The Source of Knowledge

District Fellowship News

March, April 2012


In a time when it seems information is so available, isn’t it odd that so many of the decisions that we make are founded on tenuous and incomplete facts. We hear or read descriptions of products that claim they are the best, the most nutritious, the healthiest, the safest. We compare cars , appliances, clothing, food, belief systems, doctrines, worldviews to make decisions on which ones we should use or believe in. We fight over statistics, fact sheets, statements of belief until we realize that in most cases we have to say “this is as close to the truth as I can get.” People claim they have the truth, know the truth, have found the truth, but it ends up being a best guess, an estimate, a percentage, the best they could do with what they had. Unfortunately, most people could never admit that. Their arguments are always couched in such a way that any claim they make is “truth”.  

 
As the centuries have gone by, humanity has grown in its understanding of how things work, the mechanics of creation. In the past few centuries, we have been able to codify much of that study and observation into science.  And especially through the eighteenth to twentieth centuries, we have looked at science as a place where we can go to learn about the underlying laws and forces of the universe. As science began to describe the phenomena we could see, hear, touch, feel, and smell, we all had something to fall back on when we were looking for truth about observable events, and natural interactions. At first, in the western world, this was all inside the context of a created world made by a loving God. Science described and defined the world, but it had limitations inside the sum total of all knowledge, it could define a portion of truth, but it was not the only descriptor of truth.

 
But what if we want to get rid of God? We decide we don’t want a Creator, or a Lawgiver. God couldn’t be the source of all knowledge so we would have to find something else that would define all knowledge not just a small portion of it. Over time there were those who thought that science would be that source. If you really wanted the truth, you should rely on what science says. As this idea grew science began to expand into many areas that really do not fit the scientific parameters for truth. Science depends on measurement and reproducibility to prove or disprove its hypotheses. But in many things we define as science this is impossible. Many historical events cannot be reproduced or measured. The humanities cannot be measured in the same way that I measure temperature or rainfall. Economic forecasts are more prophetic then factual. So we begin to make statements about things that we declare as facts but must be taken on faith. Our “science” becomes religious.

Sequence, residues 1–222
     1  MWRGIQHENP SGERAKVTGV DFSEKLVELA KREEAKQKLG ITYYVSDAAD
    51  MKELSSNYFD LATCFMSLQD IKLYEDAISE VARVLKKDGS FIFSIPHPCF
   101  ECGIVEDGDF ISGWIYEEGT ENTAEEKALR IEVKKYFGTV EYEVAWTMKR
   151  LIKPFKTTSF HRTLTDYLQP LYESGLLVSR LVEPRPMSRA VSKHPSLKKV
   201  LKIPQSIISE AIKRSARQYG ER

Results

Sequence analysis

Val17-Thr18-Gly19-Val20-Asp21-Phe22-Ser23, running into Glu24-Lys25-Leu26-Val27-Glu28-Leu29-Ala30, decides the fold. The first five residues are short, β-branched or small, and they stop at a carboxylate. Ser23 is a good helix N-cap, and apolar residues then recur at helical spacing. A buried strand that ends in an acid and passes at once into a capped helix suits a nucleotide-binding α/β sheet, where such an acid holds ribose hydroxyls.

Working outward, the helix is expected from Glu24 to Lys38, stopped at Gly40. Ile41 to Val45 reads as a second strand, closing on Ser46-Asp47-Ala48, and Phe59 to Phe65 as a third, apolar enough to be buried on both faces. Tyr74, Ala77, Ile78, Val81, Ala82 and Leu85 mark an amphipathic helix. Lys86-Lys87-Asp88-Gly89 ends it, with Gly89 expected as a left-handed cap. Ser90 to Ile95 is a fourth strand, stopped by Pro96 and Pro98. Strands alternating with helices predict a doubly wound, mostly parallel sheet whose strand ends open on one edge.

Dr. Ian Hutchinson in his book ‘Monopolizing Knowledge’, talks about the interaction of science and faith. Science and faith are not at odds with one another, but
scientism, the belief that all viable knowledge is science, is at war with faith as well as other sources of knowledge. Scientism would say that anything that is not scientific is not rational or true knowledge. Instead of science contributing to our understanding of the truth that is God given, science becomes all the truth there is. Unfortunately, scientism has infiltrated our society, been taught in our schools, and even affected our religious beliefs. Measuring creation is one thing, but trying to define a Creator by his creation is quite another. Science does not have all the knowledge in this world, nor will it ever be able to be the source of all truth.

 
Humanity does not create truth, it only discovers it. Knowledge is the sum of what we know but not the sum of all there is. So we must realize that no matter what century we lived in, whether we were educated or not, whether it was dark times or enlightened times, all the knowledge that mankind had accumulated still only touched the surface of the truth that existed in creation. That is why with all the information you now have at your fingertips, you still must rely on the One who is the Truth as you make the choices that impact your life. In the book of Colossians, Paul says that all the treasures of wisdom and knowledge are hidden in Jesus (Col. 2:3). He is the source. When you look for truth, don’t throw away the one source that contains it all. Trust that there is more to this creation than just scientific, historical,
or philosophical knowledge. Rely on the “source”.